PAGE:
How far wide open is Microsoft going?
Microsoft announces big policy on open source to change – to mixed reception.
Open source and behemoth scale enterprises
generally tend to go together like X Factor contestants and musical
credibility. But, amidst all the litigation and dubious API claims,
one giant has apparently taken a stab at cleaning up the
status-quo. In an
open email to all Microsoft employees, CEO
Stay Nadella announced that he is working to “evolve” the company’s
organisation and culture.
The news of change come amid the wake of
Microsoft’s recent announcement cut its workforce by 18,000.
Although Microsoft has already loosely been involved in open source
for some time, this marks what may the beginning of a genuine
effort to commit to the open source movement.
In addition to its own
CodePlex platform, the company has
begun making open-source projects available via a
GitHub profile which it launched for the
first time last year. It joins the ranks of https://github.com/azure
Of course, the as-yet to be populated page is a
hardly inspiring marker of change, in a year marked by an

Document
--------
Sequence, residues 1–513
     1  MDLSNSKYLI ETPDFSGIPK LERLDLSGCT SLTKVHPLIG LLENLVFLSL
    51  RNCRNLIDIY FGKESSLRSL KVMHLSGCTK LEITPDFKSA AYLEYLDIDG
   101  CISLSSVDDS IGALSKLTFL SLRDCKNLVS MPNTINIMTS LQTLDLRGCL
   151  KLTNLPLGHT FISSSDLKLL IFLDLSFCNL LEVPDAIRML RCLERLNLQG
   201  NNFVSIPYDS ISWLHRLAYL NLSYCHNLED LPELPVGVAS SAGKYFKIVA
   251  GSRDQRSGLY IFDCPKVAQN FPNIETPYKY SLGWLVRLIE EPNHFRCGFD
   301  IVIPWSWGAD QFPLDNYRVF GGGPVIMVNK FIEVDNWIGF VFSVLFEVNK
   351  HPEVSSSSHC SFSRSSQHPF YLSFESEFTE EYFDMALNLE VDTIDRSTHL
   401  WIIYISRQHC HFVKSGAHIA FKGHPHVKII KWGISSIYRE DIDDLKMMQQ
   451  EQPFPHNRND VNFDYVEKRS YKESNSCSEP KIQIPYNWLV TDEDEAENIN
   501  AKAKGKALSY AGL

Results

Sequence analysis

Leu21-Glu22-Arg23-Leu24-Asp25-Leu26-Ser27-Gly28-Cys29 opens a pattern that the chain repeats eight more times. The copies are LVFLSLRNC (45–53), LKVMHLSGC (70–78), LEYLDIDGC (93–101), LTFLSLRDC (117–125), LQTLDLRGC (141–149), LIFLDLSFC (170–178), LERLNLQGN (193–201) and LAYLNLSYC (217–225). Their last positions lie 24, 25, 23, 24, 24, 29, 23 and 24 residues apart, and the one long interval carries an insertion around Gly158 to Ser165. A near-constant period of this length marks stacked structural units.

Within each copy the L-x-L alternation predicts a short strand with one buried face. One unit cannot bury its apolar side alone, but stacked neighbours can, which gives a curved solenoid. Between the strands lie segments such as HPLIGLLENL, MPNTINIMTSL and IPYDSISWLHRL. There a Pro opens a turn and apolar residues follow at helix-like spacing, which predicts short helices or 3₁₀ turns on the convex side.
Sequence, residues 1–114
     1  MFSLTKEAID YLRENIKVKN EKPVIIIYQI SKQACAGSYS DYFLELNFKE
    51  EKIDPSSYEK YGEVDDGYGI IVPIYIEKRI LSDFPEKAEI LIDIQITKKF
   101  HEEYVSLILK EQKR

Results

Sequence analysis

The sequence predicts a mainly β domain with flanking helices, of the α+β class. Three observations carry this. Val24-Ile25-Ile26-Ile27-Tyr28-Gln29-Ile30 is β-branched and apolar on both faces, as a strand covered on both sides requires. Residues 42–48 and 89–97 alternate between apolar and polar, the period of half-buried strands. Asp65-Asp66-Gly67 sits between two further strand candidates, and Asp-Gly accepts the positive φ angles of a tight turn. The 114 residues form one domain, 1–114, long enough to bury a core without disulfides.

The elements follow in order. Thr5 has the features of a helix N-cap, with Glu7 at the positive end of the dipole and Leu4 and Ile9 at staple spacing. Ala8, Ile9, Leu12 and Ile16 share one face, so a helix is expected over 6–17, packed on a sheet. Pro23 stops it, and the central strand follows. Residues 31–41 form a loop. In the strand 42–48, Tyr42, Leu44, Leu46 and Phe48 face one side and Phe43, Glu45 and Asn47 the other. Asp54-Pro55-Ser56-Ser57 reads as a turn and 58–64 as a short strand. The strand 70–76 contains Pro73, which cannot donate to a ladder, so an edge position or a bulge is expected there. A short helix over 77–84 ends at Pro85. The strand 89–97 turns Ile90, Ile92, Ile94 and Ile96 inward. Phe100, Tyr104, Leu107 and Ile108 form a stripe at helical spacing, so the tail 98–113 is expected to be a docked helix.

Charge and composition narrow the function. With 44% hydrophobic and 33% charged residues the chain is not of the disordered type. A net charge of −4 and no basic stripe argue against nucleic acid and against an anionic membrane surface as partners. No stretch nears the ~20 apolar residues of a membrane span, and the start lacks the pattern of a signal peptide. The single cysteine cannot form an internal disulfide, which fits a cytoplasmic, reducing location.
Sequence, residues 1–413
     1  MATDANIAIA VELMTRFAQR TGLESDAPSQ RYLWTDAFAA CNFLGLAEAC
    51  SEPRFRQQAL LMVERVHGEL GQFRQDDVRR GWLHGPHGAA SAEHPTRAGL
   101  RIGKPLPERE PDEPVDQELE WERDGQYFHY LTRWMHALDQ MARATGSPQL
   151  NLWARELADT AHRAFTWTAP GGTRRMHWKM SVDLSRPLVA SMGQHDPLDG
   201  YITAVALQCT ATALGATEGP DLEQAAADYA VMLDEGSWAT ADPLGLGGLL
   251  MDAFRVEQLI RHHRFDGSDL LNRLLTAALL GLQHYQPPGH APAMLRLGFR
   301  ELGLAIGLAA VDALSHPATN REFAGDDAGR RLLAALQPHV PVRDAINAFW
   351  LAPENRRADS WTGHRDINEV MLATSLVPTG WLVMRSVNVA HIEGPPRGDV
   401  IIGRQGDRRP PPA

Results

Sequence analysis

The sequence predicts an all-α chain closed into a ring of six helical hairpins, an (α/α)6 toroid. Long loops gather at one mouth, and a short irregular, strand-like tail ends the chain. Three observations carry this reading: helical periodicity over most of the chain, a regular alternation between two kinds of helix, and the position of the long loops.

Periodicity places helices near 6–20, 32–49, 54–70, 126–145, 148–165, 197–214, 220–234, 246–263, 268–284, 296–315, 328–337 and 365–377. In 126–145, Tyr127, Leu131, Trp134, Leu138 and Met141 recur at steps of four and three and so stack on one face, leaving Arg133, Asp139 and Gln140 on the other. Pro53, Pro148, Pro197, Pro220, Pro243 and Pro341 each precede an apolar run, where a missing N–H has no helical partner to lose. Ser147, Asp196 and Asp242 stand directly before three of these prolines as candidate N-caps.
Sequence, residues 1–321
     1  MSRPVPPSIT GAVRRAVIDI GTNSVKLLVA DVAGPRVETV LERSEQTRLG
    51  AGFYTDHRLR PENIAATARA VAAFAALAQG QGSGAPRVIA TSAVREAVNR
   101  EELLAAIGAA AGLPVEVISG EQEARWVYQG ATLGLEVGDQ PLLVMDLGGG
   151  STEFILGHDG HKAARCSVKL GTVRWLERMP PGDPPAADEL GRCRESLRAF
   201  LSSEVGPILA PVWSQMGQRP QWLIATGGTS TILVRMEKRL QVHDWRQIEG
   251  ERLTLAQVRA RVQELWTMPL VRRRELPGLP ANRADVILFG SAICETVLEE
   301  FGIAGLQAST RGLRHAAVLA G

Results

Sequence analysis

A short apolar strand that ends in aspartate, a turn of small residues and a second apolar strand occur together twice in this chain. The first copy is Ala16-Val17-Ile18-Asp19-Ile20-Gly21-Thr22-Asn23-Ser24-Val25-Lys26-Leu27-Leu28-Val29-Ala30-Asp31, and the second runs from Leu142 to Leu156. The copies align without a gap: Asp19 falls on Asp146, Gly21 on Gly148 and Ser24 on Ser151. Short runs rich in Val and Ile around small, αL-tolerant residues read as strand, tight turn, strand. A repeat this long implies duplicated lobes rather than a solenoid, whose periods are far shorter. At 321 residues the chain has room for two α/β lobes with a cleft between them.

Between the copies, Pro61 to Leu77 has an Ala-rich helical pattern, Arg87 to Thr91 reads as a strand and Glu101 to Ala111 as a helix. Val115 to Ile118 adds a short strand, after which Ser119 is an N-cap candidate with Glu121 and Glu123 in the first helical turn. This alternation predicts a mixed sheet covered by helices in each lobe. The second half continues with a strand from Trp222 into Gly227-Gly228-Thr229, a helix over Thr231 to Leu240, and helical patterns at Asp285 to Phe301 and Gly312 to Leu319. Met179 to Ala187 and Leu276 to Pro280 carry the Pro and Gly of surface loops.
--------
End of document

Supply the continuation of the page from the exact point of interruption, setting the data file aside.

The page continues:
tumultuous Google-Oracle copyright case verdict that could have
grave implications for open development as a whole, it’s at least
positive to see one market leader making a stand in its favour.
Right? Well, not exactly.
News of Microsoft’s has been welcomed
on Reddit, albeit with
sensible dose of scepticism, with much of the community commenting
on rumours that Microsoft developers were previously “forbidden to
look at open source”.
“[I]t is called contamination,” one Reddit user
writes. “[I]f you read some open code and reimplement it, that can
be the same as copying the code into your project. Obviously, most
employers point out this only applies to similar software – of
[sic] you make ms office, reading openoffice code would be
Or as another cheery soul put
“Microsoft: three decades of evil.
And now, hey, all’s forgiven, we have a github
Quite. Just how far Microsoft intends to take
this new policy remains to be seen. After all, we’ve seen how fast
and loose Oracle’s played with the
open source concept in the past, and
Microsoft doesn’t exactly have a flawless track record when it
comes to corporate ethics – but we’re willing to be